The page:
You also investigated how Rho-ROCK signaling regulates tumor cell invasion…
About the time I joined Chris Marshall's lab for my postdoc, we were starting to play around with Matrigel as a 3D matrix, which others had used to set up what I thought were more realistic types of invasion assays—ones that weren't simply cells crawling around in 2D. So we started putting cancer cell lines into these 3D matrices and doing invasion assays with the ROCK inhibitor, trying to work out whether the sensitivity of the cell line correlated with whether or not it had a Ras mutation or whether or not it had high MAP kinase signaling.
Another critical thing about those studies is that we were actually looking down the microscope at the cells to evaluate whether or not they were invading, as opposed to using assays that score invasion by swabbing one side of a filter and measuring the amount of cellular material present. And while I don't think we resolved the paradox for why 3D invasion by some cells is sensitive to ROCK inhibition while in other cells it's not, we did learn some of the rules about how you could tell whether or not a cell line would require ROCK function to invade into a three-dimensional matrix. More generally, we learned that cancer cells can have different modes of invasion and that this has implications for therapeutic strategies to stop invasion.
How does ROCK drive invasion by cancer cells?
ROCK drives actomyosin contractility, which is responsible for the rounded morphology we observe in some invading cells. We think the cell also utilizes actomyosin contractility to produce force with which to deform the extracellular matrix. So, if you think about the extracellular matrix, it forms a barrier in front of tumor cells that keeps them from invading. One solution is to elbow it out of the way and squeeze through, and that's what we think is going on to a significant degree in these contractile, ROCK-dependent cells. The other solution to this problem is to chop the barrier up, and that's what ROCK-independent cells (which typically have a very different, elongated morphology) do. Both forms of invasion can be observed in vivo; cancers work pretty much every way that's conceivable.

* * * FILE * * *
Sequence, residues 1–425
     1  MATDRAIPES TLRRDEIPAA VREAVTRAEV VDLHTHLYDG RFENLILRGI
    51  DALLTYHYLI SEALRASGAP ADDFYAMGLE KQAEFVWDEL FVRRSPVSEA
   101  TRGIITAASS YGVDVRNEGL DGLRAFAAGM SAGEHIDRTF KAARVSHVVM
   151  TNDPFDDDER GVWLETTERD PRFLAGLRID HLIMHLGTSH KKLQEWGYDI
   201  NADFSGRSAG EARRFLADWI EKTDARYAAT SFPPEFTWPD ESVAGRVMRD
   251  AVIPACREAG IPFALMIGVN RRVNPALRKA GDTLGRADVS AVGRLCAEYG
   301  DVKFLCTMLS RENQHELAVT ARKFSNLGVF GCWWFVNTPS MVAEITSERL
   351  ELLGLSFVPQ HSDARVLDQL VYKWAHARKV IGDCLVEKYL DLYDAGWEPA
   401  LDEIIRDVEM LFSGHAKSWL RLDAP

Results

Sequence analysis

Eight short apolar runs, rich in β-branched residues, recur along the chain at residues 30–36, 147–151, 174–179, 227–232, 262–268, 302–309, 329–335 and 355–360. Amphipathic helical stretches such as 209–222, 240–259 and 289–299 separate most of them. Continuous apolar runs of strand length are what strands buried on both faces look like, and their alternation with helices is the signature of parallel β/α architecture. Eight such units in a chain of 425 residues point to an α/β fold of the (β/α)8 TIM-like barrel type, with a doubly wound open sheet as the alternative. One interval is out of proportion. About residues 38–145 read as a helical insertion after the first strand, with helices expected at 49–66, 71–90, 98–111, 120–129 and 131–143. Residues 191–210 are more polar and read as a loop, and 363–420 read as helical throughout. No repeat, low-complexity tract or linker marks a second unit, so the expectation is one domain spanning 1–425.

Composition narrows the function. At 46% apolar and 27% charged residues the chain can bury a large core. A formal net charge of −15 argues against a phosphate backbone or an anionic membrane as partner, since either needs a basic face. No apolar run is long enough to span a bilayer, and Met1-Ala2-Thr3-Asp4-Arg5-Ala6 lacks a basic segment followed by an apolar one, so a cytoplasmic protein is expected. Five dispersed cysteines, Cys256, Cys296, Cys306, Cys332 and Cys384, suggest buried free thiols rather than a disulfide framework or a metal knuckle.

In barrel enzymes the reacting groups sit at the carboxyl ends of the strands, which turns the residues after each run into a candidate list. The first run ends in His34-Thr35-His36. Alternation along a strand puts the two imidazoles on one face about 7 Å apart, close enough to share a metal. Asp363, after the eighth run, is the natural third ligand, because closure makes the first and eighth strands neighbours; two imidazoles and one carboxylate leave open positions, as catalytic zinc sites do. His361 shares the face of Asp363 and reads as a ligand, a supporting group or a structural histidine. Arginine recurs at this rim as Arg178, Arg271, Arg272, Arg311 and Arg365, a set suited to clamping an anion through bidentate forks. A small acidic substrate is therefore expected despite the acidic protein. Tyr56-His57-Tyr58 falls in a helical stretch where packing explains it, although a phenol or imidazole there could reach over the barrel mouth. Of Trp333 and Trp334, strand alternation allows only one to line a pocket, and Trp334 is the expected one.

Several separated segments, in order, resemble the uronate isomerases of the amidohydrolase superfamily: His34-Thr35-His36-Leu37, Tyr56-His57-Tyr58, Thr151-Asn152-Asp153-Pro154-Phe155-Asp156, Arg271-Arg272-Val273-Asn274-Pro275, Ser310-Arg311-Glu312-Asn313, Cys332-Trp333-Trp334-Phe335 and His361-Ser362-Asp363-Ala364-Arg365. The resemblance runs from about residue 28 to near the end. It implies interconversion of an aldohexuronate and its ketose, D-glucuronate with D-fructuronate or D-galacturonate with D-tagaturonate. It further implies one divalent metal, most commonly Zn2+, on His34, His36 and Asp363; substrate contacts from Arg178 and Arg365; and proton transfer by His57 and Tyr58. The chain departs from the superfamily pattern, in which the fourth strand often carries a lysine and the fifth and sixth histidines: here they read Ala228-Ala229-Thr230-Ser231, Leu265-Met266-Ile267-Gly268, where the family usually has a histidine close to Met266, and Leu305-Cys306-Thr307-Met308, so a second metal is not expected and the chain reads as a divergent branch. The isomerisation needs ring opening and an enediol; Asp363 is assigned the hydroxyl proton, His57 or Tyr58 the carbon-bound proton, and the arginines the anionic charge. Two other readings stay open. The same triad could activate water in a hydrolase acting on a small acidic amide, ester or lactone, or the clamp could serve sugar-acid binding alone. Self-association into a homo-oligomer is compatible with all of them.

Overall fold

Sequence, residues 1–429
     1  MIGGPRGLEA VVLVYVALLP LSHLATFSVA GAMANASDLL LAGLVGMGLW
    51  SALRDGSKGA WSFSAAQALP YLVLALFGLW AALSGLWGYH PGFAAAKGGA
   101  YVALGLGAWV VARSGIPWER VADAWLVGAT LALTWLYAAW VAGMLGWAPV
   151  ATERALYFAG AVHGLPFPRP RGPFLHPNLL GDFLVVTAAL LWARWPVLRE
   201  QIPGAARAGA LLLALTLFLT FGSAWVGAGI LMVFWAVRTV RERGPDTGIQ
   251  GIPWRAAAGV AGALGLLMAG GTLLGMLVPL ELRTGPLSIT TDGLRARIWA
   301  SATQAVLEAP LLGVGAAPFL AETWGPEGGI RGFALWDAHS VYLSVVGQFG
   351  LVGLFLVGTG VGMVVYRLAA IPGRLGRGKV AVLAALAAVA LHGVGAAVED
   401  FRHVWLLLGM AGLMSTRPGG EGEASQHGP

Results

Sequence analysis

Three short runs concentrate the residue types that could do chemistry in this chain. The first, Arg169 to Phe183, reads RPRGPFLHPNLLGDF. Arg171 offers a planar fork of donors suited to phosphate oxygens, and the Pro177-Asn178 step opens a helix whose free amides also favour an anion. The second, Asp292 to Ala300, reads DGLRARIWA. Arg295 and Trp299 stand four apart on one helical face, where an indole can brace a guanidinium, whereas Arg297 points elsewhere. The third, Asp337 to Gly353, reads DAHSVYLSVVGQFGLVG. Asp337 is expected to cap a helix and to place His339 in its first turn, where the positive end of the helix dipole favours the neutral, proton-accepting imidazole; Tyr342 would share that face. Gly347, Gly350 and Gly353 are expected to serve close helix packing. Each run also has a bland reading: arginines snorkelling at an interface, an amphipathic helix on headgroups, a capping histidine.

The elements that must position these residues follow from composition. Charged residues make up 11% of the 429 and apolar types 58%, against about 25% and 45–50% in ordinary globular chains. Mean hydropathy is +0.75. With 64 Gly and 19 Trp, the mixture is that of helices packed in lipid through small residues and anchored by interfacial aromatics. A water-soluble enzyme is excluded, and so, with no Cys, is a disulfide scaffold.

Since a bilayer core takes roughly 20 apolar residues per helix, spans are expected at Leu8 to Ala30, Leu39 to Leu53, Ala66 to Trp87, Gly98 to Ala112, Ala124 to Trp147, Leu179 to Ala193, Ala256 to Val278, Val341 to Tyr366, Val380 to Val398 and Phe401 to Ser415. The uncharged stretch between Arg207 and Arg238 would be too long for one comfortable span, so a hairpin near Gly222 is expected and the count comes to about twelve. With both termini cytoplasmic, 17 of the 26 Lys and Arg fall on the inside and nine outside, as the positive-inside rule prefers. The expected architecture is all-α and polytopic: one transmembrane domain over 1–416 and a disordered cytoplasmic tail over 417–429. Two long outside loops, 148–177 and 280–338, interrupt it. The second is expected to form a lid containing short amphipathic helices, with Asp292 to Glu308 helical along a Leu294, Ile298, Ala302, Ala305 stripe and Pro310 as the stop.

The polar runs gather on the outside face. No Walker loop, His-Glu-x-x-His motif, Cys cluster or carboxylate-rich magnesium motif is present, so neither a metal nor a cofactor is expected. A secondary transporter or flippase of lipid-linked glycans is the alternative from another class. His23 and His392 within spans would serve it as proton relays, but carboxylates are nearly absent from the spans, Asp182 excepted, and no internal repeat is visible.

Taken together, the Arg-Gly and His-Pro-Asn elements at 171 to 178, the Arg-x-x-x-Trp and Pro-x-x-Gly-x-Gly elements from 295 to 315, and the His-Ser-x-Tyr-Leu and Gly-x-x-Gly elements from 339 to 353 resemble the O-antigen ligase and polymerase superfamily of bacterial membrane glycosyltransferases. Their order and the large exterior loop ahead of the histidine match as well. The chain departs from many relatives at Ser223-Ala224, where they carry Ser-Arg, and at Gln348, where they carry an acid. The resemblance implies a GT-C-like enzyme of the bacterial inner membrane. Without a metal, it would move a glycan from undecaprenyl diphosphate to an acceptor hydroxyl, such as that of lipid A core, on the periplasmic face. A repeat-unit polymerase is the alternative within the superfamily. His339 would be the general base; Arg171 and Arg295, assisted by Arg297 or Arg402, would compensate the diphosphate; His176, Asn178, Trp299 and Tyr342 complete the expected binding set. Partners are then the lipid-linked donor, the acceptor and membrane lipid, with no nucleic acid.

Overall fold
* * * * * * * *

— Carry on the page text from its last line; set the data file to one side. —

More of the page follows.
How did this lead you into intravital imaging?
There was a lingering question about what matrix material is closest to the physiological environment and whether any of them actually represent a good model of a real tumor's setting. At that time, John Condeelis’ lab had just published some of their early intravital imaging of cancer cells moving around in their mammary tumor models. That technology was amazing and would enable me to answer my questions about whether reconstituted matrices mimic what's going on in tumors. So I got a one-year fellowship to go work in the Condeelis lab and learn this technology before setting up my own lab.
What have you chosen to pursue in your own lab?
Our intravital imaging has revealed that there is great heterogeneity in behavior within tumors: some cells invade, many don't. The causes and consequences of this heterogeneity represent an interesting biological problem and probably relate to the uneven response of tumors to therapy. One thing we wanted to probe was whether particular transcriptional programs might be heterogeneously active within the tumor—we've obtained some interesting insights by simultaneously imaging cell behavior and transcriptional readouts.
Another area we've been working on is the heterogeneous interactions between the tumor and its environment, focusing on cancer-associated fibroblasts and how they might promote invasion. For example, we observed that the cancer-associated fibroblast acts as the leading cell of a cohort of tumor cells. It clears a path through the surrounding tissue, like a snowplow clearing a track for other cars to use. This process therefore starts to resemble aspects of developmental biology and morphogenesis and poses interesting questions concerning how cells move when there's a whole group of them moving together. For example, how is movement coordinated and organized? And how do cancer cells trick fibroblasts into doing their dirty work for them?
“Cancers work pretty much every way that's conceivable.”
We're watching tumors in all their complexity, then trying to unpick what's going on. Hopefully we can learn a lot more and make a small contribution to the benefit of cancer patients.
Text and Interview by Caitlin Sedwick